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By most indications, the election of Donald Trump was expected to incite a sharp rollback in stock prices. But investor anxiety was tempered by the fact that most pollsters were predicting an easy victory for Hillary Clinton. Everything changed, however, on November 8 when Trump pulled off an incredible upset, and set his sights on the White House.
What happened next surprised most everyone. Instead of tanking as stock futures that night originally indicated, the stock market ricocheted upward with a bang. The Dow rose 257 points on the day following the election, and more than 1400 points by year end. But while the market’s ascent is well documented, a deeper look shows a more complex picture. A new Harvard Kennedy School (HKS) Faculty Research Working Paper reveals how tea-leaf reading about Trump’s future economic policies have had widely disparate impacts upon different business sectors. The paper is co-authored by Richard Zeckhauser, Frank Plumpton Ramsey Professor of Political Economy.
“The ‘Trump Rally’ isn’t that unusual: the overall market tends to rise after elections historically,” the authors write. “What is surprising about the post-election rally is its magnitude, and its sharp difference from the significant decline that most forecasters had predicted if Trump won the election.”
Zeckhauser and co-authors Alexander F. Wagner, an HKS Ph.D., and Alexandre Ziegler conclude that expectations about Trump’s stances on taxation, trade policy, and regulation have been the major drivers in market performance in several significant business sectors.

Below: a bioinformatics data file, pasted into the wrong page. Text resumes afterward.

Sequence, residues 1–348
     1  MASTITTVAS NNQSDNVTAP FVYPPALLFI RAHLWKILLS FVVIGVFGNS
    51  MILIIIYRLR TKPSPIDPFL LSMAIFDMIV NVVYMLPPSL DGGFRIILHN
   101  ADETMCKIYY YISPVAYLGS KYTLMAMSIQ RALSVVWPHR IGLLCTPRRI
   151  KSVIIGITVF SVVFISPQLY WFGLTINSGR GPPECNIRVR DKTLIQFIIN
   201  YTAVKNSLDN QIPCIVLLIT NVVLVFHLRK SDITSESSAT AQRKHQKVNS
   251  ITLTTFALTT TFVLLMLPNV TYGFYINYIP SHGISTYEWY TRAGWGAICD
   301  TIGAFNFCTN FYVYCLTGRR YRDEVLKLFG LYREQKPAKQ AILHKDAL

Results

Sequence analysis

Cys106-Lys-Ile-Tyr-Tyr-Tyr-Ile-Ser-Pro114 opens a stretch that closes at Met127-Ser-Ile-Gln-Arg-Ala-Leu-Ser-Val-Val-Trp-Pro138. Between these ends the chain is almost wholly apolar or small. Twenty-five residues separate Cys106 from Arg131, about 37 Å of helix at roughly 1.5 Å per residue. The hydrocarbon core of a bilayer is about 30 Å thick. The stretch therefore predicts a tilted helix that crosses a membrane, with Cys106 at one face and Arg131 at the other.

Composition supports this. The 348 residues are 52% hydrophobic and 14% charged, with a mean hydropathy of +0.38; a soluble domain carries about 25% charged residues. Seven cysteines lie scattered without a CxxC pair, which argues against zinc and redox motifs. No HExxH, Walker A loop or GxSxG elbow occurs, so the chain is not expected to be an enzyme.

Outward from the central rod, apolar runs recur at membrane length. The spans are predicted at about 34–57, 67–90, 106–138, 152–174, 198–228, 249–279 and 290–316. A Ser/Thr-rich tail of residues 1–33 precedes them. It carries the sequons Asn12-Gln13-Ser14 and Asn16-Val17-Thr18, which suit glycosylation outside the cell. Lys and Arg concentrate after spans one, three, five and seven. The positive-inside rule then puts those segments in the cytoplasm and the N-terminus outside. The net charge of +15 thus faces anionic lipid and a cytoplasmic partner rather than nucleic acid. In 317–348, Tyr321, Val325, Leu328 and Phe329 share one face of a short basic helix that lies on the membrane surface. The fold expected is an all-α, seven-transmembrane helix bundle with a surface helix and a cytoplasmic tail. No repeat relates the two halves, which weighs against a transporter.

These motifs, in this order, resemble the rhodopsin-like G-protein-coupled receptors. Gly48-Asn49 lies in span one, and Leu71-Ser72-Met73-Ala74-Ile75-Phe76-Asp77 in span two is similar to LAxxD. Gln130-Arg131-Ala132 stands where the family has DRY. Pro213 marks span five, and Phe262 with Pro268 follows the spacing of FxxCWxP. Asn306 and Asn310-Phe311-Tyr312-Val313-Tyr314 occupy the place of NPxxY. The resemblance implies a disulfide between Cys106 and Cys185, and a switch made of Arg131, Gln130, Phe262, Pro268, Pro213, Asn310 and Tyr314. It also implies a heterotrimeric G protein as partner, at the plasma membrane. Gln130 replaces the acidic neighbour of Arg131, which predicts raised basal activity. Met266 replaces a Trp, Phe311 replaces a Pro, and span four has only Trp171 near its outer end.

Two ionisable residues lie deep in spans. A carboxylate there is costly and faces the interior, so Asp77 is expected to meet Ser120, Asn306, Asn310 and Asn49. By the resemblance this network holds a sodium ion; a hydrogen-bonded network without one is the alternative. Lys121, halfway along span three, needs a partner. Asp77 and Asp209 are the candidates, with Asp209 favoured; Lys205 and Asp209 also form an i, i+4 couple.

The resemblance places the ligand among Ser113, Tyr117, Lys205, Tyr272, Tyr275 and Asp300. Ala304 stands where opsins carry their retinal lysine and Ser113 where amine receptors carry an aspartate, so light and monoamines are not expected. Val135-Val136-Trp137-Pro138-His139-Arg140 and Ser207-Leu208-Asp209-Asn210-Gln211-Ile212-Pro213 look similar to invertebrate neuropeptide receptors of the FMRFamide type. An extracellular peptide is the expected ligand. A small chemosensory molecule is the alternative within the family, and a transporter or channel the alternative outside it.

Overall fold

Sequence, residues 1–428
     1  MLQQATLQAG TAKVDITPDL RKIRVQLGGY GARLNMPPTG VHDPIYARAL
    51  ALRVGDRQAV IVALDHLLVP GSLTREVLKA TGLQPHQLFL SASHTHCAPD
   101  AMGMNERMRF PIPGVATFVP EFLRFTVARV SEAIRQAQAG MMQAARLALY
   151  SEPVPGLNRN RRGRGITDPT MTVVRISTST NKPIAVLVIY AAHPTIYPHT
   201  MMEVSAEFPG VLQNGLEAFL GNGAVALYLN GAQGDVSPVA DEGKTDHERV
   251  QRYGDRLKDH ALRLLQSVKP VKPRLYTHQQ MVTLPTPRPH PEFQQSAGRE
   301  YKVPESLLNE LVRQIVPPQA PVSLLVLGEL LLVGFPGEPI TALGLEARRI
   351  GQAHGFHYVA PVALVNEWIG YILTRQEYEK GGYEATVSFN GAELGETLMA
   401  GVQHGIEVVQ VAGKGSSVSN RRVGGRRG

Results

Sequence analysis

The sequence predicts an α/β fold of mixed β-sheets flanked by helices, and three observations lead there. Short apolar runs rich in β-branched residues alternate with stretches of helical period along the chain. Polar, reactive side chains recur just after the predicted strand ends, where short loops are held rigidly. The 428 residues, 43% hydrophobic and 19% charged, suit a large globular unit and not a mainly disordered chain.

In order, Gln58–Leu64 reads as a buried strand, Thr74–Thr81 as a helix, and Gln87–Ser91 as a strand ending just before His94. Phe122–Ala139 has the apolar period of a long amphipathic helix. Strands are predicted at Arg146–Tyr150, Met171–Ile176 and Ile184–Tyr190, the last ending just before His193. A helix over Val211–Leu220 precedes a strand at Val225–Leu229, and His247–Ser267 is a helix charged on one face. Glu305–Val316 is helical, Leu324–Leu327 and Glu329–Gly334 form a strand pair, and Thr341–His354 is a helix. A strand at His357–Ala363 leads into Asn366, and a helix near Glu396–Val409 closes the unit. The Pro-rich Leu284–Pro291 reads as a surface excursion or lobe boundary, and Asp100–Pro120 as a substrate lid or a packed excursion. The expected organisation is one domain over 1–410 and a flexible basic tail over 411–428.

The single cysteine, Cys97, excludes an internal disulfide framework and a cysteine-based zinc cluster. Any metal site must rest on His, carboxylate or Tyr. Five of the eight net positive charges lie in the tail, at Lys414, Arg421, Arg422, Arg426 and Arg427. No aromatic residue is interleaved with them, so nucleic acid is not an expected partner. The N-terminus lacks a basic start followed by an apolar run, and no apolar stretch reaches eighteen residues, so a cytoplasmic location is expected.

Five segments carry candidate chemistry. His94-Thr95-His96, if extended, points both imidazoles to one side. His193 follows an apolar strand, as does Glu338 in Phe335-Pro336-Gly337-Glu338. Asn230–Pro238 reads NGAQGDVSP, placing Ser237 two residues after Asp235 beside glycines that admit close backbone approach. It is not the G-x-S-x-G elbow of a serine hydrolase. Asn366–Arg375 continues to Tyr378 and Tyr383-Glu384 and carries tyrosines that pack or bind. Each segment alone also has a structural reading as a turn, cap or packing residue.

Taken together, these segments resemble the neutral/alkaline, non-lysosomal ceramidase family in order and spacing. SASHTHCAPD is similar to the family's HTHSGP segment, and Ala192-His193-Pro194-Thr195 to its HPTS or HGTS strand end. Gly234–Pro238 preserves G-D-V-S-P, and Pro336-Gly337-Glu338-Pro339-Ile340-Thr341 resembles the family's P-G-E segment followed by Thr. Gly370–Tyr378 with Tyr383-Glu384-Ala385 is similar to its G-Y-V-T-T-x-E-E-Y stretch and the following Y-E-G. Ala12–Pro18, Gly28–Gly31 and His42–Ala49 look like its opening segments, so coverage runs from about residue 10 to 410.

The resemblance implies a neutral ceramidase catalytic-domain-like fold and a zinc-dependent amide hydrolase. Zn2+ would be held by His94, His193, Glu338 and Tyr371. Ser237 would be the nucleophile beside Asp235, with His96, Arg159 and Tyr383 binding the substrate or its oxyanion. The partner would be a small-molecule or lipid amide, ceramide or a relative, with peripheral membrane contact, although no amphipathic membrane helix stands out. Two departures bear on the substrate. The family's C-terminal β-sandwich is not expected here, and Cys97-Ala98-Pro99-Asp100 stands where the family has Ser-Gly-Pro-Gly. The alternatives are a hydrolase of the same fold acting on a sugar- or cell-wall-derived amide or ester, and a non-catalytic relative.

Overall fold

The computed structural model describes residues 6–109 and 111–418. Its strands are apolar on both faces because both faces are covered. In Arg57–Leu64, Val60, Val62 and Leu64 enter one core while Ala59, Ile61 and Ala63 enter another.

“Heavy industry (which Trump has promised to resurrect) and financial firms, which he has said he would deregulate, performed well,” they write. “By contrast, healthcare, medical equipment, and pharmaceuticals lost dramatically (presumably due to the expectation that Obamacare would be dismantled or at least significantly altered), as did textile and apparel firms, reflecting their significant dependence on imports, which Trump has vowed to strongly discourage.”
While the markets have continued rising to all-time highs in 2017, Zeckhauser and his co-authors are dubious about making long-term predictions.
“Important elements of the short-term expectations about policies and their effects on company fortunes, whether for the day beyond or the seven weeks beyond Election Day, may well reverse themselves when actual policies take shape,” they posit. “Whatever one’s politics, the initial days of the Trump Presidency lend confidence to one prediction: significant policy surprises, and significant changes in company stock prices, lurk in the near- and not-so-near term future.”
Richard Zeckhauser, Frank Plumpton Ramsey Professor of Political Economy at Harvard Kennedy School